It wasn’t about how it was made, but something in its DNA. That experience helped me realize what people were talking about with the whole “terroir” thing. I felt like I had finally learned the identity of the Russian River Valley.
Do you have a favorite story about working at your winery?
Keith Hammond: I remember many years ago, I was hosting a couple here at the winery for a private tasting. During our conversation, they had told me that they lived in Colorado and were here celebrating their ten-year wedding anniversary. They said that they had chosen to come to California specifically so that they could come to Emeritus and taste their favorite wines here.
I remember feeling very grateful and proud at that moment, knowing that all our hard work was making that kind of impact on people. The fact that they chose to include us in that very special and personal moment in their lives made me smile.
It’s those instances that keep me striving to be better every year. It’s my goal to make that kind of profound impact on everyone that experiences our wines.
What do you love about winemaking?
Keith Hammond: I love that winemaking allows me to be both a scientist and a craftsman, to conceptualize something beautiful in my mind and then build it with my own hands. There is such immense satisfaction I get from watching a vine grow, eventually producing the grapes that I can use to make a wine that brings joy to people when they get to taste it.
There’s also the historical aspect of it that I find very profound.
Humans have been making wine for over 70 centuries and I get to participate in that in my own way. Through wine, I get to make my own impact on the world in this time and place and say, “I was here, too.”
Do you have any winery traditions with your team?
Keith Hammond: We’re all big music lovers here at the winery, so I would always play music for the team while we make wine during the harvest season. After a while, I felt like I was deciding what everyone was listening to, so I started a game where each day of the harvest corresponds to a different letter of the alphabet.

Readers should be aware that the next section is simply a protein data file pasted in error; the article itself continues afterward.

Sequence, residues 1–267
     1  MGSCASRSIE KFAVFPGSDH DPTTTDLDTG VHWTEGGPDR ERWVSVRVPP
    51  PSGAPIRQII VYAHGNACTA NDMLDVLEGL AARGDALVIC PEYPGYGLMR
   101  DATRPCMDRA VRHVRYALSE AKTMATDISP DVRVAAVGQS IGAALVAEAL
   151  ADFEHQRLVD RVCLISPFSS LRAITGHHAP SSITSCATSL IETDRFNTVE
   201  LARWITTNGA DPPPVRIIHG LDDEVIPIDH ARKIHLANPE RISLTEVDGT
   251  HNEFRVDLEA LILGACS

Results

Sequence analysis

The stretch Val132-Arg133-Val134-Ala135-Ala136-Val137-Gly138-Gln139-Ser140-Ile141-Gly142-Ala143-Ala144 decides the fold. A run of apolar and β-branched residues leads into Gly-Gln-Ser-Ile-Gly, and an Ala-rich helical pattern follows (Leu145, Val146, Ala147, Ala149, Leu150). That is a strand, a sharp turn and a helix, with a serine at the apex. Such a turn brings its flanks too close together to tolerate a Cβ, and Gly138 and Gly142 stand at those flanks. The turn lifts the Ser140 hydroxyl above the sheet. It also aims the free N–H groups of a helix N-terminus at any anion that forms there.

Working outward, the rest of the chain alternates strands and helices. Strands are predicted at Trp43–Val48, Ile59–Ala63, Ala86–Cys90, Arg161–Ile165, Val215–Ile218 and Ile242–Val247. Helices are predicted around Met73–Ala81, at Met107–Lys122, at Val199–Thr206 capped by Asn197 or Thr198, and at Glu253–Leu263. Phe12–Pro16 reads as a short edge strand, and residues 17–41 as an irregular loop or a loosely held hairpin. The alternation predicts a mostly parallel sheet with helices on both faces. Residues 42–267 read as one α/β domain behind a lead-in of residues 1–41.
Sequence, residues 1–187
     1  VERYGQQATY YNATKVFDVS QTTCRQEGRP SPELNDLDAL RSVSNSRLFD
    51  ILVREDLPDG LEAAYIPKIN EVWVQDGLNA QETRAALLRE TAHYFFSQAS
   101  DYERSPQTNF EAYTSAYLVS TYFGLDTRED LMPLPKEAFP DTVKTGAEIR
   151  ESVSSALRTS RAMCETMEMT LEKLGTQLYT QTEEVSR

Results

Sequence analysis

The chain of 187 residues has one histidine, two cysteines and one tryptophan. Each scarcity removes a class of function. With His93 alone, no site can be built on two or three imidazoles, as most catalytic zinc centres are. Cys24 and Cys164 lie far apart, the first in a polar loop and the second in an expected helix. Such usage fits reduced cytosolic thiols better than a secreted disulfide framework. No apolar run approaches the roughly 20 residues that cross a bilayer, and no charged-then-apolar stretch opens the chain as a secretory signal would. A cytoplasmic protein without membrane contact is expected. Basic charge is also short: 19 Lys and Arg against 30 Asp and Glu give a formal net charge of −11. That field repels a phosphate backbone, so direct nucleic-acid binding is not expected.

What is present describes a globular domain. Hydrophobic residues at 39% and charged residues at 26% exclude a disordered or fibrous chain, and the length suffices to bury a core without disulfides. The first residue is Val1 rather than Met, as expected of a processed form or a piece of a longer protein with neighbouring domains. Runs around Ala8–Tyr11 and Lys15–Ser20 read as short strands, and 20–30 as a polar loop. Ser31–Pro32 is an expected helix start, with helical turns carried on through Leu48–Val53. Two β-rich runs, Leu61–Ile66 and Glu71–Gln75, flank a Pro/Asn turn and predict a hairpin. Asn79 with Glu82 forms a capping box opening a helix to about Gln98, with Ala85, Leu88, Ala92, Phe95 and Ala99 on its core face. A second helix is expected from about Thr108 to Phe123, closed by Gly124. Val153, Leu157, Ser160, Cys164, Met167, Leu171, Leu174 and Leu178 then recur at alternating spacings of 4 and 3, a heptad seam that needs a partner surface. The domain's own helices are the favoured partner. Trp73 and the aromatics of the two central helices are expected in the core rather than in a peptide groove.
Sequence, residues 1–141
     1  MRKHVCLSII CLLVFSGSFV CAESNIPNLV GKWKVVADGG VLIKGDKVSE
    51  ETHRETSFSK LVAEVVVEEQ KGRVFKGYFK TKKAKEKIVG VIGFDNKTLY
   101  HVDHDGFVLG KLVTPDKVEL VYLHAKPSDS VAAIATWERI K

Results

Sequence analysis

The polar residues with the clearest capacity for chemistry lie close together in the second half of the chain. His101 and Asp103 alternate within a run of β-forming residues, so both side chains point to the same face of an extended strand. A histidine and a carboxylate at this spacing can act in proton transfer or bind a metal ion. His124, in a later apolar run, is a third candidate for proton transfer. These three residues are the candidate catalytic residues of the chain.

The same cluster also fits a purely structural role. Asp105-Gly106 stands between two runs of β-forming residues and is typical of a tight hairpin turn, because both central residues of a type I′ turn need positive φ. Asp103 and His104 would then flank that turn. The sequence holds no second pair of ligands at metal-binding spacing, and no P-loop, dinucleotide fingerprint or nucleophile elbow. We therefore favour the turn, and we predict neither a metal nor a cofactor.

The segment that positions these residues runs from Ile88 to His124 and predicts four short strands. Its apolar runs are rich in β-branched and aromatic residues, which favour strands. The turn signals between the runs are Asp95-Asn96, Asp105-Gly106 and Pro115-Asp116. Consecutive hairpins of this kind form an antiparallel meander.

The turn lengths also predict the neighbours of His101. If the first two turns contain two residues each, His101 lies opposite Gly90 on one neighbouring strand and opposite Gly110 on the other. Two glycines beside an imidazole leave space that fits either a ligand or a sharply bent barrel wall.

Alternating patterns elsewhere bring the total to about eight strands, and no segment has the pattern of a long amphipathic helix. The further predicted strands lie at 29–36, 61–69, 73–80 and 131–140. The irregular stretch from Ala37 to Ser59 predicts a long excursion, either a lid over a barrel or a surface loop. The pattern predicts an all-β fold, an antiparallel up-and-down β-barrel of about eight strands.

Each day, the whole team writes down the names of artists or groups that start with the letter of that day and we make a playlist from those names.
It became a very fun tradition that helps us get to know each other even better and discover some fantastic music that we otherwise wouldn’t have known about, it has led to all sorts of very satisfying cultural discussions and exploration.
How does your team help you as a winemaker?
Keith Hammond: Our team is at the heart of what we do. Many of our employees have been with us for decades, and a few, like our Vineyard Manager Kirk Lokka, worked with our founder Brice Cutrer Jones at his first winery, Sonoma-Cutrer.
Not only is everyone here committed to the goal of making some of the world’s best Pinot Noirs, we are a true multigenerational winery. Our second generation president, Mari Jones, learned the Emeritus way from her father Brice, our Assistant Vineyard Manager Riggs Lokka learned his craft from his father Kirk, and I learned my craft working alongside all three of my winemaking predecessors—Don Blackburn, Nicolas Cantacuzène, and David Lattin.
That continuity of knowledge is invaluable as we continue to explore the extraordinary character of our Hallberg Ranch and Pinot Hill estate vineyards.